The unit was on a booked diagram which ran on Saturdays in 1992 to 1993 and took a Newton Heath unit first from Manchester Piccadilly to Sheffield via the Hope Valley, then from Sheffield to Hull, arriving around 1030. The unit then worked the 1100 Hull-York service, then from York to Sheffield and finally back through the Hope Valley to Manchester. Although the orange GMPTE units sometimes worked the diagram, the blue ones were far more common. Although the unit looks generally smart, the dirt ingrained in the panel joins was an almost unavoidable feature of the units in this livery, later liveries used darker colours which disguised this effect. The marks above the cab window and doors are probably partly due to corrosion caused by water sitting in the rain strips, another feature of the class.

Below is another shot of the unit in Hull station, alongside Neville Hill's 142078, the rather work weary condition of the latter was fairly typical at this time.

Neville Hill were slightly more conservative in the modifications to the livery of their 142's, which was mainly confined to the oversize unit numbers applied to the later class members from around 1994 onwards. 142094 shows the effect (above) as it stands in platform 8 at York with a Leeds via Harrogate service on 18/4/95.

The original three liveries were joined in the latter part of 1991 by Regional Railways Grey and Blue. Regional Railways was the new name for Provincial, and 142023 was the unit selected. Exactly why the unit was painted is unclear, as it was around two years before any others joined it. Whilst still unique the unit departs (below) from the remains of Manchester Victoria's platform 14 on 3/7/93.

Above. The liveries began to come thick and fast from 1992, in the summer of that year Heaton outshopped 142020 in a new version of Tyne and Wear PTE Yellow and White, it soon being joined by 142017 to 142019, 142021 and 142022.142021 is seen at Whitby in July 1996.
Heaton also had its paint brushes out in 1993 when 142015 and 142016 received Regional Railways colours. Oddly, having painted most of its Chocolate and Cream units in other liveries it left 142024,142025 and 142026 as they were, and it fell to Northern Spirit to repaint these in around 1998.

Below. Meanwhile, back in the north west Merseyside PTE decided to have 142051 to 142058 painted in its Yellow and White livery with Black and Grey bands, as shown by 142056 at Rochdale on 7/1/99. These units were re-seated with low-backed individual seats and later received electronic blinds, as shown later on. They worked as part of the ordinary Newton Heath fleet, hence the appearance at Rochdale, firmly in Greater Manchester.
Both the Merseyside and the second Greater Manchester livery (see below) required a slight modification to the units, in that part of the recessed moulding line on the cab side needed filling in to create a flat surface for the PTE logo. This feature can still be found on the units involved, which are now mainly in Northern livery.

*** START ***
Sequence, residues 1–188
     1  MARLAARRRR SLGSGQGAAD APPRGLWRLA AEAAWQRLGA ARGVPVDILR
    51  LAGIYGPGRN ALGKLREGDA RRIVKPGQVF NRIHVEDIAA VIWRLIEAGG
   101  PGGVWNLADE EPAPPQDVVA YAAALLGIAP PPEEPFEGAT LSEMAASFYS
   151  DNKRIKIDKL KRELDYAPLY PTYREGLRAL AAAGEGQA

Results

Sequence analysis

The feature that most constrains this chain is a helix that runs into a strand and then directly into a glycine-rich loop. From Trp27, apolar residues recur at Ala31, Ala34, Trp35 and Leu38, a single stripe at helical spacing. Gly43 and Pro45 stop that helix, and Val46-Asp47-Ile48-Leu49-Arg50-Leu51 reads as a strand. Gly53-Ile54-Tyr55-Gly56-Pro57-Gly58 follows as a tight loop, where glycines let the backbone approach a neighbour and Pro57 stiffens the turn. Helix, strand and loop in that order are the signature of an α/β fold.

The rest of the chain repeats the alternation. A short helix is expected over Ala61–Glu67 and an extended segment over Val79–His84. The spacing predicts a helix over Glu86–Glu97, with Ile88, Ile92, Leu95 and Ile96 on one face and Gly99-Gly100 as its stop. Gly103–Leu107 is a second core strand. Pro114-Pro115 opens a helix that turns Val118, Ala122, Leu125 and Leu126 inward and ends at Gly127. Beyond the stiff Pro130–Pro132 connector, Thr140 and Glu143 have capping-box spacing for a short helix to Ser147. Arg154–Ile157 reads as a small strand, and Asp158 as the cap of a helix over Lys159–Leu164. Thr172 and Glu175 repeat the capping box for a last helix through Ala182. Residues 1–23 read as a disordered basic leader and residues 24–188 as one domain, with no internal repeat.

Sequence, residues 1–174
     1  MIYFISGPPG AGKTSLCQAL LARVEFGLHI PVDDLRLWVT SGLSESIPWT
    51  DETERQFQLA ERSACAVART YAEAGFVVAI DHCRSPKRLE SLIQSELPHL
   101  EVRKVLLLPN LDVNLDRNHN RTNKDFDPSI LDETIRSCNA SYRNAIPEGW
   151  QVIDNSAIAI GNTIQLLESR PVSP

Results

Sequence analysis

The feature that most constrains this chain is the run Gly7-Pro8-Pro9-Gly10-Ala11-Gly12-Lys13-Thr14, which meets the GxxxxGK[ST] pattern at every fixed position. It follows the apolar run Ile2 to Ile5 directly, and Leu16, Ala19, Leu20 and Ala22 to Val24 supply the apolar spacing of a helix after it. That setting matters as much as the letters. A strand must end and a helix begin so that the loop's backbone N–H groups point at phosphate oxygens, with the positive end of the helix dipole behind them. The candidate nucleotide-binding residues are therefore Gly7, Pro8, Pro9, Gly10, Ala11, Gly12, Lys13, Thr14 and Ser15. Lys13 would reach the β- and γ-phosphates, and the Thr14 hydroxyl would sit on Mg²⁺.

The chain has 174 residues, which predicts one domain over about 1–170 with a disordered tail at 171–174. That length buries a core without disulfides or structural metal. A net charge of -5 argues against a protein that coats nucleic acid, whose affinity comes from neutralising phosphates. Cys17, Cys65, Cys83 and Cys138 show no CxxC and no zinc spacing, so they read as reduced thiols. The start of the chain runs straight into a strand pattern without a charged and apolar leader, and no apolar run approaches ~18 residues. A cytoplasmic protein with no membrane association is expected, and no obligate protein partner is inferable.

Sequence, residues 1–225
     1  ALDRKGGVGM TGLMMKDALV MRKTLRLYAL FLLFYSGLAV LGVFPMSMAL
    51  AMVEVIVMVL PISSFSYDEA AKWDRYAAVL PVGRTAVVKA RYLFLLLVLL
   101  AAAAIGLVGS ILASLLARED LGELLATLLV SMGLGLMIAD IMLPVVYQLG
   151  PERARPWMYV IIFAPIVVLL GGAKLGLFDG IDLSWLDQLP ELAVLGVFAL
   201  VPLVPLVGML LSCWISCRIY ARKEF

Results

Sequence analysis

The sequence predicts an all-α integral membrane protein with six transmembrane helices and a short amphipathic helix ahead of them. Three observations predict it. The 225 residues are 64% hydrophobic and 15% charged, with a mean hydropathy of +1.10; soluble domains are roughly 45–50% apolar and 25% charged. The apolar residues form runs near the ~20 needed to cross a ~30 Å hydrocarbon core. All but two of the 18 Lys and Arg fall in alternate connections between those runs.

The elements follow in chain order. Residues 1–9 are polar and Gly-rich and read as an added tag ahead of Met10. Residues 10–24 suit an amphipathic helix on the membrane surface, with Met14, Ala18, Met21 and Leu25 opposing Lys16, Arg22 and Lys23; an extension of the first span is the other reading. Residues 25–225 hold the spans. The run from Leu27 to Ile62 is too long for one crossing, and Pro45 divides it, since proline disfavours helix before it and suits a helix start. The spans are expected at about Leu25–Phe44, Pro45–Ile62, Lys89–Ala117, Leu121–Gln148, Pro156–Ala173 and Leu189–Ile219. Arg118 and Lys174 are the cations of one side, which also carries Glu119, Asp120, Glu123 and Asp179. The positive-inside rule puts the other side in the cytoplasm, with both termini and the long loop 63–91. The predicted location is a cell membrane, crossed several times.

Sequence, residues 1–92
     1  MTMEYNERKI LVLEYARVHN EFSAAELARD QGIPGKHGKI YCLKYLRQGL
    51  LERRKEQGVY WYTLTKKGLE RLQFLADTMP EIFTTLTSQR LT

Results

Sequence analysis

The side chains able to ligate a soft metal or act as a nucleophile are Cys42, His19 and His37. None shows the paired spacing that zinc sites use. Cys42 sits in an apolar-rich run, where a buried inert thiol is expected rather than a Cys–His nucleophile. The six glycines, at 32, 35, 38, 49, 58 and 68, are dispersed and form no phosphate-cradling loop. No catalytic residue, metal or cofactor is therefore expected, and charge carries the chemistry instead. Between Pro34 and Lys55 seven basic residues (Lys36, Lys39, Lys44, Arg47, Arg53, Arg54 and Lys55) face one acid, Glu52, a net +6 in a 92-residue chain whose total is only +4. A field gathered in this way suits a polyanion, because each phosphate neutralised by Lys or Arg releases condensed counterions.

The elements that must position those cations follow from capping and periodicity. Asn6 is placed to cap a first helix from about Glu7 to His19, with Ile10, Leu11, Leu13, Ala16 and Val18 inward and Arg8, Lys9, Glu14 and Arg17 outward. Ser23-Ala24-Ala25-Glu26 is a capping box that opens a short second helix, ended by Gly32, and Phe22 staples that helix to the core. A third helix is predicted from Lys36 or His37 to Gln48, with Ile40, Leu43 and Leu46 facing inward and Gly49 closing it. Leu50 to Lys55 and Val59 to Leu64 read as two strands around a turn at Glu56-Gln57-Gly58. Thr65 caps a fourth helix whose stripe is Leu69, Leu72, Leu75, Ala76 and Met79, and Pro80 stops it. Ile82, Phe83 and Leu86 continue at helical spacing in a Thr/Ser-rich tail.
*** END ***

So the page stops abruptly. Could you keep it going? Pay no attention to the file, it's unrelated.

The additional small grille between the light clusters is an intake for a modified cab heating system which was fitted to all Newton Heath based examples during the mid to late 90's.

Above. Not to be outdone, Greater Manchester PTE started painting units in its new two-tone Grey livery. Eventually most of the Newton Heath allocation carried these colours. After a fall-out between the PTE and Regional Railways in the mid 90's the GMPTE branding was replaced with that of Manchester Airport, but relations had been on patched up by the time of this photo showing 142008 at Manchester Oxford Road on 2/1/99, and the GMPTE branding had returned .
142008 would be written off some years later in a collision with class 87 number 87027, becoming the second class 142 to be withdrawn. The first was 142059 which ran away whilst approaching Liverpool Lime Street in around 1990 and ended up embedded in the station roof.
 Incidentally the class 87 was itself scrapped in November 2010.

Below. The original doors on the class 142's were standard Leyland National bus fittings and were not suited to the 75mph top speed of the units, letting in copious amounts of air and rattling loudly. There had been odd incidents of doors coming open when the units were new, and modifications were quickly undertaken to stop this. However in 1994 a start was made on replacing them with more robust two-leaf doors, and before long the whole fleet had been so treated.
The replacement doors were Yellow inside and out and were not overpainted when fitted, so the units appeared with cheerful yellow doors on often dowdy existing liveries. Heaton's 142050 departs Battersby on a Whitby to Middlesbrough service on 2/7/96 with a Tyne and Wear Yellow unit leading. Of course the Yellow doors didn't really stand out on the TWPTE units, but on Provincial blue ones they certainly did as can be seen. Number 50 also has a defective coupling, as witnessed by the bag over the coupler itself and the NM (Non-Multi) sticker in the centre windscreen.

Above. Following the falling out between GMPTE and Regional Railways, over funding from one and the performance of the other respectively, some Newton Heath units were outshopped in Regional Railways livery. These had a variation in that the blue continued up to the dark grey roof, i.e. the cantrail-level light grey band was omitted. The units had already received their new doors which thus were also repainted externally, although the inside of them remained yellow.